Fund Review: BBH Global Core Select

One of the newer entrants to the global equity space, the Luxembourg-domiciled BBH Global Core Select fund from Brown Brothers Harriman (BBH) takes a long-term business ownership approach to investment.

Co-managed by Regina Lombardi and Timothy Hartch, the $70.1m (£41.7m) fund aims to provide attractive absolute returns while reducing the risk of permanent capital loss in each individual investment. Ms Lombardi explains: “[We] seek to own competitively advantaged businesses that offer essential products and services to a loyal customer base, earn attractive returns on capital, and generate strong free cashflow. We want to own these high quality businesses when they are trading at a discount to our estimate of intrinsic value.”

The managers utilise BBH’s “cornerstone of equity investing” approach, which is to invest with a margin of safety in both the quality of the business and the valuation. Ms Lombardi notes: “We believe a margin of safety exists when we are able to mitigate both business risk (our business, financial, and management criteria have been met; sustainable competitive advantages exists) AND price risk (when we believe there is a significant discount to intrinsic value at the time of purchase – we aim to purchase at 75 per cent of our estimate to intrinsic value or less).”

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She adds that the majority of the team’s time and resources are devoted to bottom-up security selection. “While we are aware of prevailing macroeconomic trends and circumstances and take them into consideration when analysing a company, bottom-up analysis is the primary driver of our investment process. The fund’s country allocations and sector weights are a residual of our investment process and we manage them to levels we find appropriate.”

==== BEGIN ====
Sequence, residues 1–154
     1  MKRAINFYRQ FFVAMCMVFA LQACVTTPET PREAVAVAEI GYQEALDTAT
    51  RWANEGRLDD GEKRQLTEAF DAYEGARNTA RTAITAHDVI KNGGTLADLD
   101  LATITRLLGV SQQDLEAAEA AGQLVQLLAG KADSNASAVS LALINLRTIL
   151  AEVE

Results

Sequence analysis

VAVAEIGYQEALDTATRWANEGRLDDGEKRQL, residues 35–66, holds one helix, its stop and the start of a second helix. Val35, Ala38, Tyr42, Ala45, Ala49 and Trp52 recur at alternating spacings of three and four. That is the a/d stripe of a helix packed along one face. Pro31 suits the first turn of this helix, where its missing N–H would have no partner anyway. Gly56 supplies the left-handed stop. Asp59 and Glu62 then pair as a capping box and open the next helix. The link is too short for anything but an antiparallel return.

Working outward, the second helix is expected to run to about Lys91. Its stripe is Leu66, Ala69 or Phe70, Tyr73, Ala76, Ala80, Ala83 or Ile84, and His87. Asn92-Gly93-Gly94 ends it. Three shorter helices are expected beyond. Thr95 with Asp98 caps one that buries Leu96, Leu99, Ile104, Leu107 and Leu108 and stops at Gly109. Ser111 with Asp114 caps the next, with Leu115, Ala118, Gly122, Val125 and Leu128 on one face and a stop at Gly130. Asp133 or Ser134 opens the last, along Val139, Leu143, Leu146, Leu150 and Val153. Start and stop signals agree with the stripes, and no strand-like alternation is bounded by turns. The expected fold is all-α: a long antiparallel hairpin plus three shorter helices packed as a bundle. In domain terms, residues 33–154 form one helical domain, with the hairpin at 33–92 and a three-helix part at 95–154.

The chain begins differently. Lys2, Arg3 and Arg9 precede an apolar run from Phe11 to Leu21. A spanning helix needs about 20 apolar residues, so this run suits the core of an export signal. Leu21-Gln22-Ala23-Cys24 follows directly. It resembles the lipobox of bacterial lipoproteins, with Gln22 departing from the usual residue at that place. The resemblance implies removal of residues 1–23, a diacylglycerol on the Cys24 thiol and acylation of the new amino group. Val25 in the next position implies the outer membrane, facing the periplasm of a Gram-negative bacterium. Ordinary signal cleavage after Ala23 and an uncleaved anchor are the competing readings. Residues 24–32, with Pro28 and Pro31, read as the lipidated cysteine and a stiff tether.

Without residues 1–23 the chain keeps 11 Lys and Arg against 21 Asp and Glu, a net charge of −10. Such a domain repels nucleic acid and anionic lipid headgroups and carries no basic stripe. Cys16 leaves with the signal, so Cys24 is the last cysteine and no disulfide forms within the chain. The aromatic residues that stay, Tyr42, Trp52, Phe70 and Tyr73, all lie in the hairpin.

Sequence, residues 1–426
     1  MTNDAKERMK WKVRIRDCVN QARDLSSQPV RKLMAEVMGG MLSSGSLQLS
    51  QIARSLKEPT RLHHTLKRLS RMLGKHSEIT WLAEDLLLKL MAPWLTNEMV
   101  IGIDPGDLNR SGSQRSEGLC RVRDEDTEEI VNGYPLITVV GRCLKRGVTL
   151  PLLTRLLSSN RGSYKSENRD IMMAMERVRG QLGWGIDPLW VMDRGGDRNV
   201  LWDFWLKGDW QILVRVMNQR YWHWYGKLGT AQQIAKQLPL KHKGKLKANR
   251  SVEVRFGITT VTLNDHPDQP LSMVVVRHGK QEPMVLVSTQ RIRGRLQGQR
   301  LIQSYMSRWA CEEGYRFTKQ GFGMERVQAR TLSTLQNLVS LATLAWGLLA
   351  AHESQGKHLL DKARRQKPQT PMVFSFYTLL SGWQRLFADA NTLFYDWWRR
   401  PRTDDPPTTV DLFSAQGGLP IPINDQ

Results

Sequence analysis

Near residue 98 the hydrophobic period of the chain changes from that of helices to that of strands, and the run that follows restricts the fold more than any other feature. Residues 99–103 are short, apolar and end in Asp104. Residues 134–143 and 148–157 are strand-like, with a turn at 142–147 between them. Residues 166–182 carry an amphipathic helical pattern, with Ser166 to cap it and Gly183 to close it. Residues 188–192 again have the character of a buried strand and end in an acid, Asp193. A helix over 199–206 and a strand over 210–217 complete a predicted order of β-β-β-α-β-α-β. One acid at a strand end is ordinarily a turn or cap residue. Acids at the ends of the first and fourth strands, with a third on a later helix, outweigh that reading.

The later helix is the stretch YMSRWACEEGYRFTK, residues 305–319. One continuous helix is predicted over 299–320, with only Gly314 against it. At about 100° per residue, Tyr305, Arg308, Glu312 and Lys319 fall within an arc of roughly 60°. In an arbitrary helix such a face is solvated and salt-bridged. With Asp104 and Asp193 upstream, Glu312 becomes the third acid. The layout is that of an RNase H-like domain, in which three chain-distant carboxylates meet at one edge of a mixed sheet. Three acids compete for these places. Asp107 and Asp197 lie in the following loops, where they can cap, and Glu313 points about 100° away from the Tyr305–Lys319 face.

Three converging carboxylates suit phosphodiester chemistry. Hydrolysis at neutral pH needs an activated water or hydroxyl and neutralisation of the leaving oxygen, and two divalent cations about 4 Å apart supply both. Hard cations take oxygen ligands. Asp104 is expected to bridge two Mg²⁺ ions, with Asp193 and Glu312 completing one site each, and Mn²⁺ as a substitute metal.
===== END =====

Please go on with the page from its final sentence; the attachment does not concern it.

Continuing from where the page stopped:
Since launch in June 2013 the fund has lagged behind the MSCI World index with a return of 3.88 per cent against the index return of 7.71 per cent, according to FE Analytics. Still shy of its one-year anniversary, the fund has nonetheless outperformed the index across one-, three- and six-month periods to April 22 2014.

The manager notes gains in energy, banking and technology helped performance in the first quarter of the year, which offset some of the losses experienced by the fund from its exposure to retailers and the education company Pearson.

“Investor sentiment towards traditional brick-and-mortar retailers in developed markets has been extremely weak due to concerns about continued competition from Amazon and other online retailers, increased competition from discount retail formats, and continued weak consumer spending,” explains Ms Lombardi. “Pearson remains the leading global provider of educational content and solutions, but its share price fell 20 per cent in the first quarter following disappointing earnings guidance for 2014.”

Some of the positive contributors in the energy sector include the Oslo-listed seismic company, TGS Nopec, which rose by more than 23 per cent, and oil field services firm Schlumberger and Canadian independent Exploration & Production (E&P) company Vermilion Energy.

“Our two banks, Wells Fargo and Svenska Handelsbanken also performed well. Other positive contributors in the quarter included Microsoft, Novartis, and Baxter.”